I'm using MATCH AGAINST in boolean mode to add a simple search functionality to my site.

The column to be searched is varchar, with no full text index. The column value can be alphanumeric, all letters or all numbers, as well as certain combinations of both (eg. ABC-123').

There seems to be a few problems. First, the search doesn't work when there's a hyphen (like ABC-123). Second, it will not find partial matches. For a value of 856059, the searches look like this:

MATCH (field) AGAINST ('+856049' IN BOOLEAN MODE) // finds the record
MATCH (field) AGAINST ('+85604' IN BOOLEAN MODE) // does not find the record
MATCH (field) AGAINST ('+8560' IN BOOLEAN MODE) // does not find the record

I'm not sure why this is working this way. For various reasons I can't add a fulltext index to the column and use the "default" match against mode.

1 Answer 1


You may need to try some wildcard stuff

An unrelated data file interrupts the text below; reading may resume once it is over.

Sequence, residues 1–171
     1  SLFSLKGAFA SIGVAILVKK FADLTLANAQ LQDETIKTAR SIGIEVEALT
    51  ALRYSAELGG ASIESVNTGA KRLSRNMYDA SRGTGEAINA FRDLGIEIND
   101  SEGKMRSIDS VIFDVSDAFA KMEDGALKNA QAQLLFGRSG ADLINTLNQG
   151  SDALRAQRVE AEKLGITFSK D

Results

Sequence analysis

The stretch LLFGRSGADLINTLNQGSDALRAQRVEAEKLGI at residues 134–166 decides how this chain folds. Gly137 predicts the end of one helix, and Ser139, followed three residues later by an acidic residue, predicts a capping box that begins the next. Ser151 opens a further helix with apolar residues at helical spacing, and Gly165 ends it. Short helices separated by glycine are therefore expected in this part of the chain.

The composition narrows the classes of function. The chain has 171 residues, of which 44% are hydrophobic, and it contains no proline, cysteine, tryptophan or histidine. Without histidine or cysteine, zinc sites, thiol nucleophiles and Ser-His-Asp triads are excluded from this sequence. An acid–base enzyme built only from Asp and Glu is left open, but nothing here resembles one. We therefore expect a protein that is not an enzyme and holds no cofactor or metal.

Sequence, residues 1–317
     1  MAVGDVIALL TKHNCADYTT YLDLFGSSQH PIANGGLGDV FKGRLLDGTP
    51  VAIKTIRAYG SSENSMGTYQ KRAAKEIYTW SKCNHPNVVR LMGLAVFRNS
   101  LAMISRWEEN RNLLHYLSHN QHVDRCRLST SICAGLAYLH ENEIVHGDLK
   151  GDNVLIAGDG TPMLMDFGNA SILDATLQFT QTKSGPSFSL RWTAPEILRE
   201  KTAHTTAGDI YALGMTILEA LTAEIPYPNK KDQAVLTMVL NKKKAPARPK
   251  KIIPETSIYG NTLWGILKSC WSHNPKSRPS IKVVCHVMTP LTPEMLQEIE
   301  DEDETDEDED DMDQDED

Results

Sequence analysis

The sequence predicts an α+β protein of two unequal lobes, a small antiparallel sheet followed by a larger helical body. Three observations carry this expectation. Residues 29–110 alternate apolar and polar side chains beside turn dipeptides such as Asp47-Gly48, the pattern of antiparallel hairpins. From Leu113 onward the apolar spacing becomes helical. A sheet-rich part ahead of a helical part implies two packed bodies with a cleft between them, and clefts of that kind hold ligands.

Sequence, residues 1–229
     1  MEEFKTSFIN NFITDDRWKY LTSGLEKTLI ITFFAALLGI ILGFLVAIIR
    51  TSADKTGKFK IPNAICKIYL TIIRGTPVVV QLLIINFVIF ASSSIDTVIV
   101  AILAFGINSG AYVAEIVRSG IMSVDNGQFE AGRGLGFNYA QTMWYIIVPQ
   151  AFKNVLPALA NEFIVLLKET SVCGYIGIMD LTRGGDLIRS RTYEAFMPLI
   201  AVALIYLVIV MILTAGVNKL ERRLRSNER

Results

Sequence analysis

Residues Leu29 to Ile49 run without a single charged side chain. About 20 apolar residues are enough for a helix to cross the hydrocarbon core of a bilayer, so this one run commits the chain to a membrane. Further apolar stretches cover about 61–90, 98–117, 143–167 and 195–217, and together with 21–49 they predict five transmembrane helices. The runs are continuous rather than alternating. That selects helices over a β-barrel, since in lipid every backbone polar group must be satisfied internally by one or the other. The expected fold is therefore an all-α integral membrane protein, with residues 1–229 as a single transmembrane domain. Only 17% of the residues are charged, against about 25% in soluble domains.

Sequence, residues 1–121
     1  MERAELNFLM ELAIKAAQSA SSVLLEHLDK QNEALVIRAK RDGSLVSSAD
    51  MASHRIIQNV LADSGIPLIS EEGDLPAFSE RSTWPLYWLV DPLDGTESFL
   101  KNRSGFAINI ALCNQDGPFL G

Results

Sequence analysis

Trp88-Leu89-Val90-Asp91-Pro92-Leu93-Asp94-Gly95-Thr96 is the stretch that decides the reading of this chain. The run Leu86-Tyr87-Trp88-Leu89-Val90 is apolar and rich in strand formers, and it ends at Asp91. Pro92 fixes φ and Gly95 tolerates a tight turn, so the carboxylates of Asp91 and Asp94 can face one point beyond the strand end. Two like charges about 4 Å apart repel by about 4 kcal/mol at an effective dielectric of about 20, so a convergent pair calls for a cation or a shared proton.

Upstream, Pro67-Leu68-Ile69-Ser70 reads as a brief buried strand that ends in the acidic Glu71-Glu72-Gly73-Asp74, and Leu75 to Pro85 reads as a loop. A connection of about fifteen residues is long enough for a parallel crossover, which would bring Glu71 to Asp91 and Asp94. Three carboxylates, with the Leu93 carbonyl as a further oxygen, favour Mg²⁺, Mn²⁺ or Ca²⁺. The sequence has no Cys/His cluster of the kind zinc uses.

The MySQL Documentation says on '*':


The asterisk serves as the truncation (or wildcard) operator. Unlike the other operators, it is appended to the word to be affected. Words match if they begin with the word preceding the * operator.

If a word is specified with the truncation operator, it is not stripped from a boolean query, even if it is too short or a stopword. Whether a word is too short is determined from the innodb_ft_min_token_size setting for InnoDB tables, or ft_min_word_len for MyISAM tables. The wildcarded word is considered as a prefix that must be present at the start of one or more words. If the minimum word length is 4, a search for '+word +the*' could return fewer rows than a search for '+word +the', because the second query ignores the too-short search term the.

Here is an example from the Documentation:


Find rows that contain words such as “apple”, “apples”, “applesauce”, or “applet”.

For more information, see MySQL Documentation on Fine Tuning Your Searches


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